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BVI has tools to be self-sufficient, says int’l governance expert

BVI has tools to be self-sufficient, says int’l governance expert

The BVI has all of the tools it needs to become sufficient in self-governance, an international expert in governance, Dr Carlyle Corbin, has argued.
“I think the assessment actually does conclude that that is in fact the case,“ the governance expert said on the Honestly Speaking radio show previously.

Dr Corbin, who was commissioned by the government to conduct an independent self-governance assessment of the BVI, said the only thing currently lacking in the BVI‘s quest in self-determination or self-governance is an actual transfer of power.

The situation that currently obtains in the BVI, according to Dr Corbin, is a delegation of power which he argued is a completely reversible circumstance as opposed to the devolution of power.

Based on his assessment, Dr Corbin said: “All of the things that I am referring to in terms of the evolution of the territory – and the British have assisted in this respect – but also the government itself and successive governments have made a concerted effort to invest in the people.”

According to Dr Corbin, the BVI has a very high standard of education, highly technical skills throughout the society and economy and major sectors of the economy are by and large in the hands of the population.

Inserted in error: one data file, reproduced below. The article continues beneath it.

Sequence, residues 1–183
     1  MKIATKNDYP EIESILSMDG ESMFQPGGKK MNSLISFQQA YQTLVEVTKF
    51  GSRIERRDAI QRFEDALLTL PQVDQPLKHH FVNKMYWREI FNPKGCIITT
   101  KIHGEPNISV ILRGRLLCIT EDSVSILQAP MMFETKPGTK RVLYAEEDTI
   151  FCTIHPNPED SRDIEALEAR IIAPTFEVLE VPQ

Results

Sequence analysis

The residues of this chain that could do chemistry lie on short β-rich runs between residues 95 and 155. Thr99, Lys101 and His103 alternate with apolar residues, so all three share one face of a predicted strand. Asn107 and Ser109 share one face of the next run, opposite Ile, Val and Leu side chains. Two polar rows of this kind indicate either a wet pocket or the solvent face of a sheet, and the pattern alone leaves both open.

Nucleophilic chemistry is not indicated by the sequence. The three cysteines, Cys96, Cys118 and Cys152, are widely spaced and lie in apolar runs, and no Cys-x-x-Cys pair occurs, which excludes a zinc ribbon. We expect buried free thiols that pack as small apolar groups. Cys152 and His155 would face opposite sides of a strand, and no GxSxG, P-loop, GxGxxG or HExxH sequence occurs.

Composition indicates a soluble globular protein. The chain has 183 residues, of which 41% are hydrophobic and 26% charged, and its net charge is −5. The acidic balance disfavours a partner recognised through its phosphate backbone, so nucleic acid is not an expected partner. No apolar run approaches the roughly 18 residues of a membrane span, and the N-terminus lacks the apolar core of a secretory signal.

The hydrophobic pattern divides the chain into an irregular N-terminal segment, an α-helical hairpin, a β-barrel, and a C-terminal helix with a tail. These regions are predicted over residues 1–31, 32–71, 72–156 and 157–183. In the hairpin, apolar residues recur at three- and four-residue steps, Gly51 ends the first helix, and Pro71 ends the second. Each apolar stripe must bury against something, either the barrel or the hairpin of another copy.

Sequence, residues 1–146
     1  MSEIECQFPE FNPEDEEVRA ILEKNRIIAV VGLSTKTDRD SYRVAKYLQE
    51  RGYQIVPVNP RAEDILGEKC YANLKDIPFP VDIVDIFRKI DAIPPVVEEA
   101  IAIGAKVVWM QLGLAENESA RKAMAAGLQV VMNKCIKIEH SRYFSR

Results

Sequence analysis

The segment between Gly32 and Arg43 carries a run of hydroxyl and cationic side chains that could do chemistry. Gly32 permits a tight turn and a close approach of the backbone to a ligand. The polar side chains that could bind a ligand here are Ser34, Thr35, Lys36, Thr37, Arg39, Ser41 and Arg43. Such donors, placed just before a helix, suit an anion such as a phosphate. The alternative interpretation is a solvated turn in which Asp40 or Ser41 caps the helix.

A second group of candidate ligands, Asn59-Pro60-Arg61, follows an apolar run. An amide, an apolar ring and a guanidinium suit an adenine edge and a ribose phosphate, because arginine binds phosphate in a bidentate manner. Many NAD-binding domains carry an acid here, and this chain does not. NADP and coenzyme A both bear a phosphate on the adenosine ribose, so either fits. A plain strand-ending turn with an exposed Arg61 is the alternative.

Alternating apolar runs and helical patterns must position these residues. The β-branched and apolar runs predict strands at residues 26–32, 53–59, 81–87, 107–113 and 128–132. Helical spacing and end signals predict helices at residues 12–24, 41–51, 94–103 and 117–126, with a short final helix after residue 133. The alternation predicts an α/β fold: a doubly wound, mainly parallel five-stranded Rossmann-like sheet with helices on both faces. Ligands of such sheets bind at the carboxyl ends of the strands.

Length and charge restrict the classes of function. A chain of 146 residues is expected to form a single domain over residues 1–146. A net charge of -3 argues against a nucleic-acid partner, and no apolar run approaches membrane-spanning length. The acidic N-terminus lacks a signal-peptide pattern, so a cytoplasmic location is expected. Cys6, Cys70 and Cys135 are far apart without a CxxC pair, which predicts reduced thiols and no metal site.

He further argued that the territory possesses an institution such as the H Lavity Stoutt Community College which he said has linked its curriculum to the maze of the economy.

“You have a financial sector curriculum, you have a curriculum in tourism, you have various other areas specific to training people to enter the workforce in that area,“ Dr Corbin explained.

The government recently released a summary of the findings of Dr Corbin’s assessment on self-governance, arguing that the BVI’s current status cannot be deemed acceptable or permanent.

“The overall conclusion of the assessment is that the current overseas territory status remains preparatory to the [Full Measure of Self-Government] FMSG according to international law,” the government’s statement noted.

It continued: “The current status of the Virgin Islands cannot be regarded as a permanent and acceptable status of democratic governance in perpetuity as long as political inequality and unilateral authority remains its overarching feature – regardless of how modernised the dependency arrangement may be projected to be.”
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